Friday, October 10, 2008


Okay, after all that build-up and hoo-ha yesterday, you didn't think I'd just present a straightforward list of favorite movies and let it pass without comment, did you? Ha! Of course not. I mean, it's me. I'm going to spend at least a little bit of time writing about each and every one of these babies, so this could take a few days. But look at the bright side: A few days during which I'll be too distracted to whine about Sarah Palin or post clips from bad seventies variety shows.

Anyway, the number comes to thirty, and we're counting backwards:

30. The Purple Rose Of Cairo.

I swear I'm going to get around to spending more time writing about Woody Allen, but until I do, let me just say that while this isn't his most ambitious effort, or most personal, it may be the best, formally speaking. What could have been merely a clever conceit--a character walks off a movie screen and into a woman's life--becomes much more: an admirably constructed farce, a thoughtful meditation of the power of film, a heartbreaking romance. You want perfection? This movie is it.

29. The Howling.

One of the things that's becoming obvious as I construct this list is that I'm going to have to include a lot of stand-in pictures, one John Huston film or Warren Oates picture to represent an entire body of work. That said, I'm going to stuff as many Joe Dante pictures in here as possible, because I just love them so much.

So The Howling. What is it? Is it grubby fodder for grindhouses and drive-ins? Is it a spoof? Is it a clever satire of the New Age movement, a surprisingly affecting character study, a fountain of in-jokes, a full-bodied horror epic? Is it the best damned werewolf movie ever made? Hey, it's a Joe Dante picture; it can be all of those things and more!

28. The World Of Henry Orient.

Nobody puts George Roy Hill on that list of filmmakers who redefined cinema in the sixties and seventies. If he's mentioned at all, it's usually for his huge commercial successes Butch Cassidy And The Sundance Kid or The Sting, as if he was never anything more than a proficient hack.

Oh, but there's his fine adaptation of Slaughterhouse Five and his sharp, hilarious Slap Shot. Above all, there is The World Of Henry Orient, a funny and troubling portrait of two girls on the cusp of adolesence, when all their childish games will take a dark turn. Tippy Walker and Merrie Spaeth disappeared into obscurity after their terrific performances in this film, which also features career-best work from Angela Lansbury and Tom Bosley, and a hilarious turn from Peter Sellers (we'll be seeing much more of him on this list!) in the title role.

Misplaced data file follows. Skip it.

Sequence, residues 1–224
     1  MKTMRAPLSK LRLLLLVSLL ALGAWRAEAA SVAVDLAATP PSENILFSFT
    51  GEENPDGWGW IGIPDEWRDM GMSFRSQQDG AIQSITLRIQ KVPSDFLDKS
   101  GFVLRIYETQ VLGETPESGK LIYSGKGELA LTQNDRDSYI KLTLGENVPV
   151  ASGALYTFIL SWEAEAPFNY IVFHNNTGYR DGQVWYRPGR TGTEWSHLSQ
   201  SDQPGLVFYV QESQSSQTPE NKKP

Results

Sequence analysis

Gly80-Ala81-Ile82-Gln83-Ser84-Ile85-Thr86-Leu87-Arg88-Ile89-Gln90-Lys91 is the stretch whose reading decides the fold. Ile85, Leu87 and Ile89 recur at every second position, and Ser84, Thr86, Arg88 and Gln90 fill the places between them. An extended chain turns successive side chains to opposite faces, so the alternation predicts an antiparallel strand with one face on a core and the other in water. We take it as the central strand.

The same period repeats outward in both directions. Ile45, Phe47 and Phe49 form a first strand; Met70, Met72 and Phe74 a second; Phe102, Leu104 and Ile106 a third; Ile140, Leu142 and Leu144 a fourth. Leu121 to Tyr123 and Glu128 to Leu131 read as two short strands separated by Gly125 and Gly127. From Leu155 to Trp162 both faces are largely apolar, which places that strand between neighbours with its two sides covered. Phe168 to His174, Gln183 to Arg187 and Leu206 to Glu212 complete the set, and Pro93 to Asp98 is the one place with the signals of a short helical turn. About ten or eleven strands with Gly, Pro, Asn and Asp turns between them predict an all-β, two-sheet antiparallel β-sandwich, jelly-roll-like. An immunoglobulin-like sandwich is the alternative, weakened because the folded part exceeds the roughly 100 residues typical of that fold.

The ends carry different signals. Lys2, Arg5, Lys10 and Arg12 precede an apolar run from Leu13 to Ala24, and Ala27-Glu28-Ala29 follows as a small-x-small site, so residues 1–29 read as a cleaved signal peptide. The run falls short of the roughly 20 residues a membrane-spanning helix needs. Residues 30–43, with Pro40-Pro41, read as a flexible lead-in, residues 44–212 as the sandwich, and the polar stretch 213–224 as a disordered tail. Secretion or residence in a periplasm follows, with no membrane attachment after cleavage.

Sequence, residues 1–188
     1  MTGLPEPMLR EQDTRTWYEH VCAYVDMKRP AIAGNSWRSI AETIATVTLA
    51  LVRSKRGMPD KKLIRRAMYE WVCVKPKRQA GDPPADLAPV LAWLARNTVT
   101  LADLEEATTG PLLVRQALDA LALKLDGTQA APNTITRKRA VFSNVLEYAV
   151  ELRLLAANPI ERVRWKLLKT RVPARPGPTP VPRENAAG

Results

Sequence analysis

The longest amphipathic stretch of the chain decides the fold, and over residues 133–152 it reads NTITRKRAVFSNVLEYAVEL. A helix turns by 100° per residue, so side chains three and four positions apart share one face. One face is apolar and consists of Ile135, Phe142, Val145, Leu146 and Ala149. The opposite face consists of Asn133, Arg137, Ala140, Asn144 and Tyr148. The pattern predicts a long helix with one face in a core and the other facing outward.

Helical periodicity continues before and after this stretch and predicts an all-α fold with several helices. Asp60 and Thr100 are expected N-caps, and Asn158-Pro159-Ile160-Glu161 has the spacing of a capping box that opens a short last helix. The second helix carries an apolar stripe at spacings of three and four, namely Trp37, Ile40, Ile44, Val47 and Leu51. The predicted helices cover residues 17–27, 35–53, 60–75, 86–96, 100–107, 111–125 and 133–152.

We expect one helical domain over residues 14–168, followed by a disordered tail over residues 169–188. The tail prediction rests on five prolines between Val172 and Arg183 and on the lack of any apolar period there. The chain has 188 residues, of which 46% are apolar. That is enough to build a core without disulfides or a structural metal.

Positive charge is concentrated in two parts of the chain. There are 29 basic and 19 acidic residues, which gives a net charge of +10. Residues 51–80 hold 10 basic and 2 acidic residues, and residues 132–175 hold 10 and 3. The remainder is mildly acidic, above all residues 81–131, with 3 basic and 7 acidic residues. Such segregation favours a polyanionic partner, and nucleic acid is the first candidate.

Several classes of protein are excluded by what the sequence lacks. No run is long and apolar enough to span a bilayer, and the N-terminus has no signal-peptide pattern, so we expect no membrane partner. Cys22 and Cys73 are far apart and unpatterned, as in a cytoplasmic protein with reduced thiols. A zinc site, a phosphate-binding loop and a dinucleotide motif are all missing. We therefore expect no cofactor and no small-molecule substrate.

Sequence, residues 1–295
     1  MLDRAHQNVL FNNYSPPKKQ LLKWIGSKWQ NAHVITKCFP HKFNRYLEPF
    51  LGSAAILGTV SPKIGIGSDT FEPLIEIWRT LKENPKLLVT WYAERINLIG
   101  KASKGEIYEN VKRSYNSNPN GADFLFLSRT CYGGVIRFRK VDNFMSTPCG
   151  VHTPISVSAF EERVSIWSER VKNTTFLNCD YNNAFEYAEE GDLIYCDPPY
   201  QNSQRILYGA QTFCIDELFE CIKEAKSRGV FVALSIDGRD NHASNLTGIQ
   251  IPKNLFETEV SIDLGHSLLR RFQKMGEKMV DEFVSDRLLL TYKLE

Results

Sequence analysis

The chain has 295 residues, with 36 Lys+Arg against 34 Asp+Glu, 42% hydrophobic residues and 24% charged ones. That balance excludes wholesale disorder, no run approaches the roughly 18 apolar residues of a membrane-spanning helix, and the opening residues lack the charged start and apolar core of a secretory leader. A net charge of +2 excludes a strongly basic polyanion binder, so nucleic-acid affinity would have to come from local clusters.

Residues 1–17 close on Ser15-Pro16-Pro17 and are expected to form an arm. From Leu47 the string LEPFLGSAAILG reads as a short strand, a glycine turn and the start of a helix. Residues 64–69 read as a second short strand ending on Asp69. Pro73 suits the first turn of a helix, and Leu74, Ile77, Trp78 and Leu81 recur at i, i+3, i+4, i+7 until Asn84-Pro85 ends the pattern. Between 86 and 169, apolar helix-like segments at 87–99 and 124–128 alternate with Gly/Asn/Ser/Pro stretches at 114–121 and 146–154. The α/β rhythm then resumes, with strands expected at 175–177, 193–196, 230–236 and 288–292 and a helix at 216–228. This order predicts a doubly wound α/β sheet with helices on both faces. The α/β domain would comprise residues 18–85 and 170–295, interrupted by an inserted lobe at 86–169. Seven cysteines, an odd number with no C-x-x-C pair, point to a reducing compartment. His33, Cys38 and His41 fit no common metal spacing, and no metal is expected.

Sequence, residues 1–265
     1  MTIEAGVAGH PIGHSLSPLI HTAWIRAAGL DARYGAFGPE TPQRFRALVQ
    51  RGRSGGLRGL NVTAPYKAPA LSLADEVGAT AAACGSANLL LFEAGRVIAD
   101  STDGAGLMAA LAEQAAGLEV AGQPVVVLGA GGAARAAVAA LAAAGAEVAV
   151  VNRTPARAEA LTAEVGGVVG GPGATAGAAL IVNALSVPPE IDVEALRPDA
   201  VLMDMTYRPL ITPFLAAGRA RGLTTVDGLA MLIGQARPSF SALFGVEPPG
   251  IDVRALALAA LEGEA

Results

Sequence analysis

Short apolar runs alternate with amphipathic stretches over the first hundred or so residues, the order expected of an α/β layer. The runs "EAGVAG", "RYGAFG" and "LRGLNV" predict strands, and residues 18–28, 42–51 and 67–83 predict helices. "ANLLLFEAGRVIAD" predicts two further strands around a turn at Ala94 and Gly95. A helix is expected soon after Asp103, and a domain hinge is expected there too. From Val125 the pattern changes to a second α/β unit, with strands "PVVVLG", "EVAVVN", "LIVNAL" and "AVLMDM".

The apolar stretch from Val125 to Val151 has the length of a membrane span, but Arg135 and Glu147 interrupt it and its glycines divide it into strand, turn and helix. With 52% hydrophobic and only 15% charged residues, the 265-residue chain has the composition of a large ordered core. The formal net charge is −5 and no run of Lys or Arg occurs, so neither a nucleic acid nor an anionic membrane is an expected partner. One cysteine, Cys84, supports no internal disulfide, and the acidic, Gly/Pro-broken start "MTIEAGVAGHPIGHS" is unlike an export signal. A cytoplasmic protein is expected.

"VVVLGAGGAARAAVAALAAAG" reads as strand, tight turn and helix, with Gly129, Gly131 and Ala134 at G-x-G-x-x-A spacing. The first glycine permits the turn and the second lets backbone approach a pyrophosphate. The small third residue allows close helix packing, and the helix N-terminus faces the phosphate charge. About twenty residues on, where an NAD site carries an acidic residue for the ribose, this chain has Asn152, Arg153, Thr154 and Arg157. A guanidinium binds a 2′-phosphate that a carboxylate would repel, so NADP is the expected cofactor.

27. Ghost World.

Take the central characters from Henry Orient, age them by about four of five years and plop them down into a contemporary urban landscape and you'll get a little of the feel of Terry Zwigoff's adaptation of Daniel Clowes' graphic novel. Zwigoff's eye is amazing, his editing rhythms are sure, the characterizations are memorable down to the bit parts. But let's be honest: This movie belongs to Thora Birch. Whether dyeing her hair green or wearing a bondage mask, she's all uncorked id and confused sexual urges, pure impulse and zero reason, a danger to herself and others. Which kinda describes my dating history, but that's another story...

26. The Pirate.

I've written so much about this movie (I'd link to my two previous posts, but I'm too lazy) that there's not a whole lot I can say about this I haven't said before. Airtight plotting, wonderfully over-the-top performances (Is it possible Gene Kelly is right behind Peter Sellers on my list of all-time favorite actors? Quite possible, indeed.), lushly stylized settings and atmosphere courtesy of ace stylist Vincente Minnelli. I should point out that many people actively dislike this movie, but those who love it do so to an almost irrational degree. Which camp do you think I'm in?

25. Blazing Saddles.

Say what you will about Mel Brooks' ham-fisted abilities as a director, this Borscht Belt Western made me laugh harder than anything I'd ever seen back when I first saw it at the age of ten, and there is literally not a day goes by that I don't quote at least one line from it. I could defend it as a surprisingly tough-minded satire on racism, but what would be the point? The main point is funny, and this movie has it up the wazoo.

COMING UP: More of the same--but completely different!